Project Management by Dummies

by Curtis Poe

A few years ago I was doing some work for an organization that held sporting events for developmentally disabled people. This organization needed some software to manage an event they were staging and during the RFP (Request For Proposals) process, there were, to the best of my knowledge, only two finalists. One was a company which had already written the software for the organization and had used it successfully to run several events. They had done this for free because they believed in the organization's mission. They were only charging for the extensive setup, configuration, and data entry that would be involved.

The other company was newly involved with the organization, didn't have any software written and their proposal was at a considerably higher price as a result. This company, however, was donating a large amount of money to the organization, even though they hadn't worked with them much and didn't understand the actual needs of the organization. Guess who won the contract? The company with the proven and free software, or the company who was donating a lot of money but had no software and little experience in this area?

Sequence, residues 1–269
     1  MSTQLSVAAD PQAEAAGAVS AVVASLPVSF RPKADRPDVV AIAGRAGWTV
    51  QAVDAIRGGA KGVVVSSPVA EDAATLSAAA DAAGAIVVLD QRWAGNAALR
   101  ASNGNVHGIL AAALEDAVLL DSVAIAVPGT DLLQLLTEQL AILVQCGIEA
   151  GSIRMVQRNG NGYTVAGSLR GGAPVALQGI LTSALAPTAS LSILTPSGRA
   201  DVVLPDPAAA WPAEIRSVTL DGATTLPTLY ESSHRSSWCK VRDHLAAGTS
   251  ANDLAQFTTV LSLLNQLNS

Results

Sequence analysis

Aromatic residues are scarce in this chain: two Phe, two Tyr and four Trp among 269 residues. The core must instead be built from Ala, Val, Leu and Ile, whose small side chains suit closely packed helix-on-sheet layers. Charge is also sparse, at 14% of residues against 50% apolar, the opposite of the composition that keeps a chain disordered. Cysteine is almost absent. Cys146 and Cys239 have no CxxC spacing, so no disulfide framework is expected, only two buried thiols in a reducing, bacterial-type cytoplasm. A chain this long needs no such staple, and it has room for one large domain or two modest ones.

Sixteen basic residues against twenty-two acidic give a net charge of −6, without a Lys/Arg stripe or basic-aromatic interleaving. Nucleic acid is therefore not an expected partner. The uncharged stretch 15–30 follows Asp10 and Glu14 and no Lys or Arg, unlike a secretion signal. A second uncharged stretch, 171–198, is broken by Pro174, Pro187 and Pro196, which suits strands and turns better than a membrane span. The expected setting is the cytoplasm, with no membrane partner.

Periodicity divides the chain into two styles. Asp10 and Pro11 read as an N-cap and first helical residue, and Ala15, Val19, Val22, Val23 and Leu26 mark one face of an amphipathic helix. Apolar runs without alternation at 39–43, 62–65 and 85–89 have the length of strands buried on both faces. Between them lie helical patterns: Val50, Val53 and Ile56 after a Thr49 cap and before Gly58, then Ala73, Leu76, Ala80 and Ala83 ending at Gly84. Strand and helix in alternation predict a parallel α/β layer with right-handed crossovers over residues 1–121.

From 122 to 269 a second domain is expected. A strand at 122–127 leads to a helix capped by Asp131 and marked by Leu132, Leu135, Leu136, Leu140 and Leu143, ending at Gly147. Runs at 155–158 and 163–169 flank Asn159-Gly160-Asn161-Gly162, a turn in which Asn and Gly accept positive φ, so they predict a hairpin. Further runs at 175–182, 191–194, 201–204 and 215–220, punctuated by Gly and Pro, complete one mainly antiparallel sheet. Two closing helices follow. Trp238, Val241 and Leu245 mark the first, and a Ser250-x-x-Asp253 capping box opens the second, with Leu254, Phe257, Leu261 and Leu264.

The company with no software took the organization's rule book and used this as a spec for the software they were writing. They went away for several months and they came back with software that everyone agreed matched the rule book yet was completely useless. After several improvements, the software still failed to be useful. Why? Humans. They forgot that they were dealing with people instead of rules and they didn't talk to the people who actually ran events.


Timothy Johnson
2006-08-06 20:11:10
Awesome post! Back in my developer days, my best projects were those where I actually locked the user(s) into a room with me and we developed specs together, stepping through the process line by line until our understandings matched (both for current state and for the change). The people aspect is so underappreciated in projects yet so critical for success. Thanks for reminding us of this relevant issue.
2007-01-15 14:57:28
Great post - if you have a mailing list could you add my email address which is
2007-05-25 14:04:01
Excelet post! Well done!
John Willow
2007-05-25 17:48:23
hi..just to say nice friend also wrote about it on so if you want check it out..

best regards

John Willow

2007-06-30 13:57:11
A great post, apart from the last paragraph...

You get up and leave to "get back to proper work" but miss some random extremely important info.

It's more important to have the meeting structured well, something managers never do well. Treat the problem directly.